Mishmash of architectural styles

Initially you will walk along a beach bordered by beach homes and you can marvel at the hodge podge of architectural designs with traditional and modernistic styles side by side.  However, after 1 mile, there is a sign that you have reached the western border of Napeague State Park and from then on all you will see are dunes.

Stern of fishing boat buried in the sand

About 1/4 mile east of Napeague Lane, there is an interesting shipwreck along the beach (Jan 16, 2012), the stern of a fishing boat, half buried in the sand.  Nobody knew about it when I asked around. I went back to the same beach the next day to investigate.  The high tide had washed the sand away and the stern of the boat was more exposed.

Name of shipwrecked fishing boat: _ORA MARIA

It measured easily 10 feet across and it was heavy, but my wife and I were able to turn it over to see the name of the boat etched on the back of the transom. We could make out __ORA MARIA or perhaps __URA MARIA.  I then searched the internet for shipwrecks with names like SENORA MARIA, DORA MARIA or LAURA MARIA.  I could not find anything.  As you can see the paint color of the boat was teal and the name was in white paint.  I will post more on this when the mystery is solved!

Just as a reminder, this was recently communicated to me by Steve Rosenthal (another beachcomber on Long Island). On 12/2/2011 NBC nightly news featured a story (see also patriotledger.com) about a tag from a Massachusetts  lobster trap that was lost in the 1991 “Perfect Storm” 20 years ago and which was found by a beachcomber in Ireland just recently. She used Facebook to trace the name on the tag to the fishermen’s son. Scientists estimate the tag traveled 3000 miles over 20 years before washing ashore.  It’s obvious to me, the DORA MARIA could have come from afar.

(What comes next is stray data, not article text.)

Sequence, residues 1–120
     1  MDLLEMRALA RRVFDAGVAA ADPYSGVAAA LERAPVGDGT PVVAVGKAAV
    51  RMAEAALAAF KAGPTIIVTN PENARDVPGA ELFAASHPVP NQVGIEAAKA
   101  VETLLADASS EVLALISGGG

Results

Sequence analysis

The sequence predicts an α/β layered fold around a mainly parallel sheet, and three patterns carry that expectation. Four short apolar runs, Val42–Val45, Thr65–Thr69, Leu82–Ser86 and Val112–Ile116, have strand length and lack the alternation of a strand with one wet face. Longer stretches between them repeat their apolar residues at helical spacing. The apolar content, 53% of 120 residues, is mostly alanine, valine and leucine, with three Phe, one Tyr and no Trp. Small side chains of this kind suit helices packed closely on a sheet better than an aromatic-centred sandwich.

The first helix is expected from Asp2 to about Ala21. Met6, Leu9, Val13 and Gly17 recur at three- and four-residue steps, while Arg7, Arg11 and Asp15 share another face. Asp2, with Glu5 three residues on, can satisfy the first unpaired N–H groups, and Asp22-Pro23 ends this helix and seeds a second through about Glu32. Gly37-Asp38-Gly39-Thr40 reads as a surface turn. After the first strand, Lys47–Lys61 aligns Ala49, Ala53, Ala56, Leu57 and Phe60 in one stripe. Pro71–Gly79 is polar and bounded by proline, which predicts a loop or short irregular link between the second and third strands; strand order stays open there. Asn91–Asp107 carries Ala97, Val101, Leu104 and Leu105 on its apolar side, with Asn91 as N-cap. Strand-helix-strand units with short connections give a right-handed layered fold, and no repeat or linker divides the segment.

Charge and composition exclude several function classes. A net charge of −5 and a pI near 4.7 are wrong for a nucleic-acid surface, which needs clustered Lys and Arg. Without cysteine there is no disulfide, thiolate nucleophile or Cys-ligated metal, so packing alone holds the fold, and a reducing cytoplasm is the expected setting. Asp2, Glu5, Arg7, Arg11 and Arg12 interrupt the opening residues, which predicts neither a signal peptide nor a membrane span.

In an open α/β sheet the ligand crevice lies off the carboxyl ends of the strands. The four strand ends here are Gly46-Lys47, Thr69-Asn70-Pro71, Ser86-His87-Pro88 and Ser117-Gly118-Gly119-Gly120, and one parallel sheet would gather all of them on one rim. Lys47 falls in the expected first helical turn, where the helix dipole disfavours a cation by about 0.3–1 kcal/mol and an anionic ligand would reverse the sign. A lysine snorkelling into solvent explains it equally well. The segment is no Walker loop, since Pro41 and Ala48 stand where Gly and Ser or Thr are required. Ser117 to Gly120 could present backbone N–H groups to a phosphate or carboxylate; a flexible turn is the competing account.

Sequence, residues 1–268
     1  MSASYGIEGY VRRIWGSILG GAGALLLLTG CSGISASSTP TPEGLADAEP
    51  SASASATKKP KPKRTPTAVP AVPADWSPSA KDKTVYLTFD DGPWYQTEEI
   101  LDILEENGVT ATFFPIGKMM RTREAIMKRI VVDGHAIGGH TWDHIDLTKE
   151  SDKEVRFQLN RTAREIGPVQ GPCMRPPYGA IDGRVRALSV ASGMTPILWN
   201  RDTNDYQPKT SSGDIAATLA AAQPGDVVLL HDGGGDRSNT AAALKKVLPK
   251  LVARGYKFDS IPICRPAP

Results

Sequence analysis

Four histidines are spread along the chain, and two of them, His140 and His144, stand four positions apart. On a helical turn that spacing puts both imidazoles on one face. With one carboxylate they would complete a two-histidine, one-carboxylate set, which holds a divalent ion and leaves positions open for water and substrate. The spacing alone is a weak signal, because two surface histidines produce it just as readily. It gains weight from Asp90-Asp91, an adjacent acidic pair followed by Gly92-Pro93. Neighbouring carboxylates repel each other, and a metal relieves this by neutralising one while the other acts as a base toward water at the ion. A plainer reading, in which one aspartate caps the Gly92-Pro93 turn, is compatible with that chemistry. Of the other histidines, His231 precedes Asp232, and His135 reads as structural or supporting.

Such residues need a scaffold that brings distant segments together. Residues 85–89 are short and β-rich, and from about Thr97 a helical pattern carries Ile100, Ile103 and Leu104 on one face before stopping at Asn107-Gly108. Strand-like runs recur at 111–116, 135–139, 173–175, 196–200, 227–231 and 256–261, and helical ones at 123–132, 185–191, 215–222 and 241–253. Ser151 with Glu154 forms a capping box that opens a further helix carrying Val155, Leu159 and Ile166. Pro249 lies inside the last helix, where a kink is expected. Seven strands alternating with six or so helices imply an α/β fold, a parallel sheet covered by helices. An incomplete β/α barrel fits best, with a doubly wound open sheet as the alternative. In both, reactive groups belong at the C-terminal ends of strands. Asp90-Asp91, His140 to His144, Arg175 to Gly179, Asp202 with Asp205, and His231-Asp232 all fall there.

I also came across a piece of drift wood  which was an entire tree (!),  visible from afar.  It looked strange because there are no trees on Napeague. Otherwise the beach was remarkable for the absence of human foot prints (a virgin beach), patches of frozen sand (on a cold and beautiful January day), many dark red scallop

Red scallop shell

shells and blackened jingle shells, black moon shells and other shells.  I have noted the black color of jingle shells elsewhere on this blog.  I am quite sure that this color is acquired, as the shells settle in black mud at the bottom of the ocean.  Only miles away, on the bay beaches, the blackened shells are quite rare.  You can see areas of blackened sand too. And where the tides have eroded the beach, you will see layers of sand with alternating black versus light colored sand (see picture).

Layers of sand

Just prior to arriving at Marlin Drive where there is a development of beach homes, I found bright orange clay discs.  These are targets used for skeet shooting. Along side were discarded beer bottles!  Guns and alcohol, hmmm… not a good combination.

Skeet discs and beer bottles

However, this was a beautiful day with calm waters and in the distance an out-rigged fishing trawler and dramatic cloud formations…

Out-rigged trawler in the distance

32) Atlantic Beach